You are here

Leaping Into Wilderness: The Landscapes of the Men's Movement

My first contact with the men's movement was its appearance as the cover story of Newsweek, June 24, 1991.
Matthias Regan

Issue #29, November 1996

"Enter the wilderness. Go alone or with other men. Take the younger men with you. Hunt, fish, hike, raft, or simply be still, soaking in the nurturing strength of Father Nature and relishing the beauty of his lover, the Earth Mother. Something sleeping deep in the male psyche awakens when we allow ourselves to experience nature free from the numbing noise of urban life."
— from Wingspan, "the bible of the men's movement"

My first contact with the men's movement was its appearance as the cover story of Newsweek, June 24, 1991. This magazine, along with back issues of People, The Trout Fisherman and Guns and Ammo, comprised the waiting room library of the Jiffy Lube auto repair shop in Laconia, New Hampshire. It was a few days after Christmas of that year, and my friend David and I, who had grown up together in the neighboring town of Gilmanton, New Hampshire, were waiting to see if his eight-year old Chevrolet would pass state inspection for under $100. David's father had given him $150 for Christmas, and we had vowed to divide whatever was left over between gasoline and potatoes. I had a couple of friends who would let us stay a whole month for free in an apartment in downtown New London, Connecticut. All we needed was gas to get there and something to eat once we arrived. The couple hadn't moved in yet, so the place had neither furniture nor more heat than that which an electric radiator could provide, but we were willing to do almost anything to get out of NH. We wanted out of the woods, away from the sticks, and if the best we could do was the slightly larger town of New London, that was just fine.

Neither of us had ever experienced the woods as described in Wingspan. We had always wanted to leave our little town. From the time we could comprehend it, we focused on urban life. Urbanity was our dream. We imagined posh cafes full of young and sexy artists in leather jackets and various-colored hair, little tenements, studio lofts, buildings so big an elevator was the only way to your floor. We hated the woods. We hated being on the edge of society. We were starved for information, which, as we imagined it, pulsed out from the city hearts along the ever narrowing and more distant veins of television, magazines, movies, and books. All we had of urban artistic, social, and political life was the little that we could discover in stories from the Associated Press printed in the Laconia Evening Citizen, the absolute block-buster Hollywood hits that changed once a month in the only local movie house, and the few books that found their way into the bottom floor of the local Hallmark store.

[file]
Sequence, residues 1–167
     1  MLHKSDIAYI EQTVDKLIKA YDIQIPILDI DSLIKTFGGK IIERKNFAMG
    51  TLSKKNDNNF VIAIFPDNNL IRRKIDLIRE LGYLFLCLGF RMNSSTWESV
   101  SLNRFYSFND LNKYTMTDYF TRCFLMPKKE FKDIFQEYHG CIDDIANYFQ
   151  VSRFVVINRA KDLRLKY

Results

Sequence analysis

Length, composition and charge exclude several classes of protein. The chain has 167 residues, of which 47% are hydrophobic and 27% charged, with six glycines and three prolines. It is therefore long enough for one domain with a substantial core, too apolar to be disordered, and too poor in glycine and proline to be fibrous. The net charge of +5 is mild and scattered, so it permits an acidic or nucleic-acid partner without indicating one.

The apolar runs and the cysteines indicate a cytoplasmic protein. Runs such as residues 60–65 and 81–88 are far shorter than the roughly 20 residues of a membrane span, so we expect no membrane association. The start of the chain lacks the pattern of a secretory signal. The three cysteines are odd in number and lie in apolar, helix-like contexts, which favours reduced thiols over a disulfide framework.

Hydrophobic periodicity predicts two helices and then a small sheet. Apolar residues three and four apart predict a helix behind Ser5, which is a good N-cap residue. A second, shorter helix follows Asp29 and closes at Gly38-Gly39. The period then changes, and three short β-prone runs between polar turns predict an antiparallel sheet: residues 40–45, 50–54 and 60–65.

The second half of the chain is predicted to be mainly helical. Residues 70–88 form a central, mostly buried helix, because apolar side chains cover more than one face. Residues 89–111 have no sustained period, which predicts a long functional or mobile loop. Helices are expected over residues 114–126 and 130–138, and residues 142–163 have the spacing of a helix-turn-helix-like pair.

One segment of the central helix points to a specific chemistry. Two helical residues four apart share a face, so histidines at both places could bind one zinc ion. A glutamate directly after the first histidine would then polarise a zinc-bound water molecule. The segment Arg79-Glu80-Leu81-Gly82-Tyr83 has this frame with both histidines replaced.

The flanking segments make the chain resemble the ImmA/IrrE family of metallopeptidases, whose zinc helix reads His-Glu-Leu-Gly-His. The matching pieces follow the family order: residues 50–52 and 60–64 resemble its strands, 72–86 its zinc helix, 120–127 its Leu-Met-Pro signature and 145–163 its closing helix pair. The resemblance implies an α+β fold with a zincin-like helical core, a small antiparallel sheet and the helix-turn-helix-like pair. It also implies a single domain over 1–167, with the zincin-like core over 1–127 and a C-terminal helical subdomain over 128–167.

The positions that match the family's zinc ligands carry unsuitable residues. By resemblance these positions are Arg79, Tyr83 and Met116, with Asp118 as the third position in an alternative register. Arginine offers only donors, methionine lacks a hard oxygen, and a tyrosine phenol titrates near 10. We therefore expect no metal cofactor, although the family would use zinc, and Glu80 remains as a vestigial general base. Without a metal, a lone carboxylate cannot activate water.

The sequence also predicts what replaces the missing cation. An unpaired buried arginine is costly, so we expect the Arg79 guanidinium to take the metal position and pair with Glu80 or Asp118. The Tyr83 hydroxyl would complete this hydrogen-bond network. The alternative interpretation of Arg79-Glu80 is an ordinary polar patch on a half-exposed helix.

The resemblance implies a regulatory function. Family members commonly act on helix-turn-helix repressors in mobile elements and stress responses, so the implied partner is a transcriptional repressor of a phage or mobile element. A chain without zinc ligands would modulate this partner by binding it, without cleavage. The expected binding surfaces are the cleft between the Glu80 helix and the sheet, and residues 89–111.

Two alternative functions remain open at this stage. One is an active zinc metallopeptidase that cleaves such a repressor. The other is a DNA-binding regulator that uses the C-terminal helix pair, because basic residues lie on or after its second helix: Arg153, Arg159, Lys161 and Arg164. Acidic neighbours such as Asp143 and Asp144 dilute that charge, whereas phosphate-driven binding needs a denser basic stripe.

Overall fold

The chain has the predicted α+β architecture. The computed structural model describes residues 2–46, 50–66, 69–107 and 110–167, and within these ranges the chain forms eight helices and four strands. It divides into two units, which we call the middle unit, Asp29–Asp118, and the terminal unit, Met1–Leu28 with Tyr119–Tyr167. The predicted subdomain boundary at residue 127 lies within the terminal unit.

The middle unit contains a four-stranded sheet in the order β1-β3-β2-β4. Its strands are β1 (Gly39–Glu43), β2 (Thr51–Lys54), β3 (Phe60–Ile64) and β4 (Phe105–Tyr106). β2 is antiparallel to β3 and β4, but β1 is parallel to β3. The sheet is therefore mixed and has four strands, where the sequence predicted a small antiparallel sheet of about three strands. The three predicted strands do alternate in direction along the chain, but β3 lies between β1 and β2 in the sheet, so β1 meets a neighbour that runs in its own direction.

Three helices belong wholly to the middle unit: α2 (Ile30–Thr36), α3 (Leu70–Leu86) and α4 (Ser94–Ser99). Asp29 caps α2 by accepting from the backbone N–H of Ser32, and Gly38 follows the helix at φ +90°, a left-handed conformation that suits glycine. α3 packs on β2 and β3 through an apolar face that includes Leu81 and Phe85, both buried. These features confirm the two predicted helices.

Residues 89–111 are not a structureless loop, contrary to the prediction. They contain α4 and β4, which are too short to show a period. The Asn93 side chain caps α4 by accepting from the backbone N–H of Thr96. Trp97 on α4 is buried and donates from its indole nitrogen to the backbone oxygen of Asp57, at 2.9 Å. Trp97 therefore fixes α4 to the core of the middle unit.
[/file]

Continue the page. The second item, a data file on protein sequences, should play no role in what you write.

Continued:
We took turns reading the Newsweek article mostly because there was little else to do. It was too cold to go outside (30 degrees and wind-chill) and besides, where would we go? Nothing but the most basic necessities — as our culture defines them — are provided for in wilderness towns. Along the stretch of road outside were gas stations, car dealerships and repair shops, a hardware store, a McDonald's, a supermarket, a K-Mart and a Sears Stove and Freezer center in the strip mall. Across from an old age home was a store that sold wheelchairs and oxygen. There were no cafes, quiet restaurants or bars. Behind these buildings on one side of the road was Lake Winnepausakee, snowbound and scarred with the skidmarks of trucks, here and there colored by a small shanty town of icehouses. On the other side, behind the small hills of muddy snow pushed to the back of the Jiffy Lube parking lot, was a steep slope of scraggly white pines, the snow beneath them pockmarked by fallen clumps of ice.